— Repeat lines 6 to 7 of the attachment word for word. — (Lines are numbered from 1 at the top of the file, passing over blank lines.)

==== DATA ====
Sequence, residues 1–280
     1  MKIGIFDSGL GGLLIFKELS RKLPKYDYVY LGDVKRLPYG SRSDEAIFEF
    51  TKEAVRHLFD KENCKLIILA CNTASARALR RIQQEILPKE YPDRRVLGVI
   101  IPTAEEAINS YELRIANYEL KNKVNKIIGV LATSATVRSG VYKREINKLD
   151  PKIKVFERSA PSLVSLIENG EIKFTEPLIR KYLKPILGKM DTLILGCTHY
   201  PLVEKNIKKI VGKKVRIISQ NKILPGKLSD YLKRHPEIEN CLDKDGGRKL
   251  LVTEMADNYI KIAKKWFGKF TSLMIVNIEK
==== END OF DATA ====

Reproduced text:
   201  PLVEKNIKKI VGKKVRIISQ NKILPGKLSD YLKRHPEIEN CLDKDGGRKL
   251  LVTEMADNYI KIAKKWFGKF TSLMIVNIEK